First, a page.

Yashin had 40 goals and 48 assists
with the Senators last season. He man-
aged only one assist as Toronto swept
Ottawa in the first round of the playoffs.
He sat out the previous year after
Ottawa declined to give him a lucrative
pay increase. In 1998-99, he scored 44
goals and had 50 points and was a final-
ist for the league's MVP award.
The 6-foot-3 center has proved
durable. He did not miss a game in any
of his last four seasons. Ottawa traded
Yashin for the No. 2 entry draft pick
and selected teen-ager Jason Spezza.
Danny Almonte pitched a perfect game in this
summer's Little League World Series.
tion with Little League because of the age controver-
sy, as was Almonte's father.
Gomez also confirmed Almonte is registered as
having been born on April 7, 1987, as the government
Hector Pereira, president of the Dominican Base-
ball Federation, appealed Tuesday on behalf of the
boy, saying "Danny is a phenomenon and anything
around him is. news, but if they continue investigating,
they can psychologically harm the kid."
Meanwhile Tuesday, Danny and his father were on
their way to register him to attend school in the
Bronx, said Jennifer Falk, spokeswoman for the New
York's Administration of Children's Services.
Alexi Yashin hit the'bank yesterday. His
$90 million contract is tops in the NHL.
All-Williams final on horizon at U.S. Open
NEW YORK (AP) - Mindful of a
recent conversation with her sister, Ser-
ena Williams stayed cool in the third
set for a breakthrough victory at the
Williams ended a streak of losses in
four consecutive Grand Slam quarterfi-
nals Tuesday night, edging Lindsay
Davenport 6-3, 6-7 (7), 7-5 to reach the
During the match, Williams remem-
bered a discussion while watching the
Open on TV earlier in the tournament
with older sister Venus, who happens
to be the defending champion.
"Venus told me the other day that
champions don't get nervous in tight
situations," Williams said. "That really
helped me a lot. I decided I shouldn't
get nervous and just do the best I can."
Capping a furious exchange on her
third match point, Williams ripped a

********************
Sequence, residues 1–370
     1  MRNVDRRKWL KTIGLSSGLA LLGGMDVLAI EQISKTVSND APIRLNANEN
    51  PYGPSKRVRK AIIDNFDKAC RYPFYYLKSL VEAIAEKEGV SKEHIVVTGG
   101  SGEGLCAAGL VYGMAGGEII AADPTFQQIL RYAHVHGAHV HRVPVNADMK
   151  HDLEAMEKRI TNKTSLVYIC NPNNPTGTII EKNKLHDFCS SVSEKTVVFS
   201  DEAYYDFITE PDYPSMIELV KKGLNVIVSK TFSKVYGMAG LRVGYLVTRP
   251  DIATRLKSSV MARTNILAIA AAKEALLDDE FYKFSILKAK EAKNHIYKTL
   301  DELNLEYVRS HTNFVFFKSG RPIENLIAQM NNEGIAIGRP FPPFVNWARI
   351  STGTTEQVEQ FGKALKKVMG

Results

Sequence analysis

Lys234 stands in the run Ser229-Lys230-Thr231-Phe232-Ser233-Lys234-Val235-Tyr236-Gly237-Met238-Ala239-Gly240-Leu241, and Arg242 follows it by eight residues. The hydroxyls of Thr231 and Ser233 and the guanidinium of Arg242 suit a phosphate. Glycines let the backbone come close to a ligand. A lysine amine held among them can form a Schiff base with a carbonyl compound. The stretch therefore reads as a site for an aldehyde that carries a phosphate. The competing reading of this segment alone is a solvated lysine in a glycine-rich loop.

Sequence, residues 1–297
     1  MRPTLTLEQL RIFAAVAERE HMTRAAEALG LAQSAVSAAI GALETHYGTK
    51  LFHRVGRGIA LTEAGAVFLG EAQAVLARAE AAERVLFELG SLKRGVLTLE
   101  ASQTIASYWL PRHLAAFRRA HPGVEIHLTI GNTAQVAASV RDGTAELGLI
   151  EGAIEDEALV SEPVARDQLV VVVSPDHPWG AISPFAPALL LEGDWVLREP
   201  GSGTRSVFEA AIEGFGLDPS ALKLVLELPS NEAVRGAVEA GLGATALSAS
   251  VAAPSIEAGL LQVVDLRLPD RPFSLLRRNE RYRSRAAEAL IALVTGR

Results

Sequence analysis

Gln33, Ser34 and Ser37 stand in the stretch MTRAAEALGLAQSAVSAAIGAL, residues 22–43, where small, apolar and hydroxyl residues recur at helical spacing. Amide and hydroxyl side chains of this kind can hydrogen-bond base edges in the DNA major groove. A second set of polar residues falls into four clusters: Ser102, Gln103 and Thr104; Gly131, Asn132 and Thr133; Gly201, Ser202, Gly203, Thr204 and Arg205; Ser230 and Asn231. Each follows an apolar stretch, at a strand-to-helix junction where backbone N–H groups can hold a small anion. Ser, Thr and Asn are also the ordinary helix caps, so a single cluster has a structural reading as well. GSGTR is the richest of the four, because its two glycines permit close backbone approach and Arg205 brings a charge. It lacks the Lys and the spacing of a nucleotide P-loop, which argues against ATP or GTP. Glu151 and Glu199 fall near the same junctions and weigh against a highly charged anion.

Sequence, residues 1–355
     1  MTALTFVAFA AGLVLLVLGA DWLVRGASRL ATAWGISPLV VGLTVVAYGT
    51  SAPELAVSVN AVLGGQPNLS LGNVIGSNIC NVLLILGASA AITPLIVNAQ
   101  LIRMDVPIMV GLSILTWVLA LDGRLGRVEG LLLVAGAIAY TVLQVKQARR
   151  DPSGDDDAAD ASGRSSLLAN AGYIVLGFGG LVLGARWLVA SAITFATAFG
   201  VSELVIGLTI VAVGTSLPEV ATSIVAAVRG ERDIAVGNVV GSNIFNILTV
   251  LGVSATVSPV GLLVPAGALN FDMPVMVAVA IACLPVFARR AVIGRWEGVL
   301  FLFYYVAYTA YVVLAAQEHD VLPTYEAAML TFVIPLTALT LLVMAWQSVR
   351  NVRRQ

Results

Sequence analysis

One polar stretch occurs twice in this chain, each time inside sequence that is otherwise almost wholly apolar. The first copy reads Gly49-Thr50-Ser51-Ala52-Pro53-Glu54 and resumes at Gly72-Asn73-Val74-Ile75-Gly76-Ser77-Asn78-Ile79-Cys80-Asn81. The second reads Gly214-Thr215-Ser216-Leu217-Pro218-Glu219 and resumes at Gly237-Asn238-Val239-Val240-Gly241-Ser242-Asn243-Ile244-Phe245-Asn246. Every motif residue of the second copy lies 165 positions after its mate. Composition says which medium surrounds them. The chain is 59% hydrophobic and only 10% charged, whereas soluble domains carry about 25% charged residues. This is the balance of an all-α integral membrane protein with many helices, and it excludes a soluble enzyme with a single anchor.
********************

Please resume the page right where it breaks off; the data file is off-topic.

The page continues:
forehand winner for the victory. In the
semifinals, she plays top-seeded Marti-
na Hingis, who advanced by beating
Daja Bedanova 6-2, 6-0 in 42 minutes.
Williams won the 1999 Open at age
17, but has been frustrated in major
events since. She lost to Davenport at
the Open a year ago and lost three-set
matches in three Grand Slam quarterfi-
nals this year.
"I definitely should have been more
serious in the past," Williams said. "I
get tired of losing in the quarterfinals
all the time. I would like to go three
steps father than the quarterfinals."
She'll try to take the next step
tomorrow against Hingis, who has won
their last three matches and leads the
Davenport said the result will
depend largely on Williams.
"She has the game to overpower
Martina," Davenport said. "How many
errors compared to winners she has'
will be the difference."
Williams blew a 2-0 lead in the sec-
ond set and failed to convert a pair of
match points in the tiebreaker. In the
final set, she went ahead 3-0 and was
serving at 4-2, 40-love before Daven-
port made one last charge to reach 4-4.
In th final game, Williams hit a lung-
ing crosscourt volley to make it 30-all,
then smacked a return into the corner,
out of Davenport's reach. That gave
Williams another match point, and this
time she embraced the chance, belting
three consecutive sizzling forehands, the
third angled crosscourt for a winner.
Williams clenched her teeth, pumped
her fists and screamed to celebrate the
win, which heightened the prospect of
an all-Williams final Saturday night.
Venus defeated Kim Clijsters 6-3. 6-
1 on Wednesday to advance to the
"That would be great," she said.
"I'm sure TV would love it."
Accepted at over 17,000
Great Benefits at
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Serena Williams (left) and her sister Venus could face each other in the final of the
U.S. Open this weekend.